The changes which are to be ushered in by the GDPR in 2018 are substantial and ambitious. The Regulation is one of the most wide ranging pieces of legislation passed by the EU in recent years, and concepts to be introduced such as the ‘right to be forgotten’, data portability, data breach notification and accountability (to call out only a few) will take some getting used to. Even its legal medium – a regulation not a directive – makes the GDPR an unusual piece of legislation for data protection lawyers to analyze.
The GDPR will apply to organizations which have EU “establishments”, where personal data are processed “in the context of the activities” of such an establishment. If this test is met, the GDPR applies irrespective of whether the actual data processing takes place in the EU or not. Organizations without an EU presence but who target EU individuals should understand the impact of the GDPR and determine an approach to compliance.
Non-EU established organizations will be subject to the GDPR where they process personal data about EU data subjects in connection with the “offering of goods or services” (payment is not required); or monitoring” their behavior within the EU.
12 Steps to Take Now
- Awareness – You should make sure that decision makers and key people in your organization are aware that the law is changing to the GDPR. They need to appreciate the impact this is likely to have.
- Information you hold – You should document what personal data you hold, where it came from and who you share it with. You may need to organize an information audit.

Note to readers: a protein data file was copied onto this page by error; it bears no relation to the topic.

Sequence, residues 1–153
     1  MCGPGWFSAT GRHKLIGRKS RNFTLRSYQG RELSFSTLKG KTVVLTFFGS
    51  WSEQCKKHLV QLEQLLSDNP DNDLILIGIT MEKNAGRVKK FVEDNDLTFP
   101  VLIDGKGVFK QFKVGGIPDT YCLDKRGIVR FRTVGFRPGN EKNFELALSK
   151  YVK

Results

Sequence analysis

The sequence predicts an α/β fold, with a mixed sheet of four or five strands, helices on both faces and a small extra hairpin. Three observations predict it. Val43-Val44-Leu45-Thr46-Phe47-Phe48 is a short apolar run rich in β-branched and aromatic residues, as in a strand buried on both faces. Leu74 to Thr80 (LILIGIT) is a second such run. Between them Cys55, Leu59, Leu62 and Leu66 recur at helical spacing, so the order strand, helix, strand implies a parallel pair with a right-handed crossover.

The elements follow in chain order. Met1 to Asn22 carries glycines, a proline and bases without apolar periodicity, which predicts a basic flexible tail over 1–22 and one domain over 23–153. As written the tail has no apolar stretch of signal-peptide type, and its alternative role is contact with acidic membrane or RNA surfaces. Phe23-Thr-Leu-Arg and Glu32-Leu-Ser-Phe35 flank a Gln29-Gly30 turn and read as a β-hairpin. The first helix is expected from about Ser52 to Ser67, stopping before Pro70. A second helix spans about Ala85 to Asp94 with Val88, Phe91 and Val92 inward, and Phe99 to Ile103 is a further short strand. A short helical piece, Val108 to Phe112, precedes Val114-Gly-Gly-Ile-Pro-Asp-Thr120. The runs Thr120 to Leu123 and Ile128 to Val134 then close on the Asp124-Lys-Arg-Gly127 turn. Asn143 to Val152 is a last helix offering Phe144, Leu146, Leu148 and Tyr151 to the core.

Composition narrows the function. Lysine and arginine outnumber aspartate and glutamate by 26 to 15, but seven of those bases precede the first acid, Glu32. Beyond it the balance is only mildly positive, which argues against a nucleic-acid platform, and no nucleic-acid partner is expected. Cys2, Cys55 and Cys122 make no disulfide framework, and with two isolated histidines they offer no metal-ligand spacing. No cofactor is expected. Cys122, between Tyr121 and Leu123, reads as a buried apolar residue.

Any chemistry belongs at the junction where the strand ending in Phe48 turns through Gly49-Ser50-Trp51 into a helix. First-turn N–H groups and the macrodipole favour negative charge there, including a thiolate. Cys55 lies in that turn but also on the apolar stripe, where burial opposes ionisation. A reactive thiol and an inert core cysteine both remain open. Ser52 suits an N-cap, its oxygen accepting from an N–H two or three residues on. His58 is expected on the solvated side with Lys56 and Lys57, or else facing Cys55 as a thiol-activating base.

- Communicating privacy information – You should review your current privacy notices and put a plan in place for making any necessary changes in time for GDPR implementation.
- Individuals’ rights – You should check your procedures to ensure they cover all the rights individuals have, including how you would delete personal data or provide data electronically and in a commonly used format.
- Subject access requests – You should update your procedures and plan how you will handle requests within the new timescales and provide any additional information
- Legal basis for processing personal data – You should look at the various types of data processing you carry out, identify your legal basis for carrying it out and document it.
- Consent – You should review how you are seeking, obtaining and recording consent and whether you need to make any changes.
- Children – You should start thinking now about putting systems in place to verify individuals’ ages and to gather parental or guardian consent for the data processing activity.
- Data breaches – You should make sure you have the right procedures in place to detect, report and investigate a personal data breach.
- Data Protection by Design and Data Protection Impact Assessments – You should familiarize yourself now with the guidance on Privacy Impact Assessments and work out how and when to implement them in your organization.
- Data Protection Officers – You should designate a Data Protection Officer, if required, or someone to take responsibility for data protection compliance and assess where this role will sit within your organization’s structure and governance arrangements.
- International – If your organization operates internationally, you should determine which data protection supervisory authority you come under.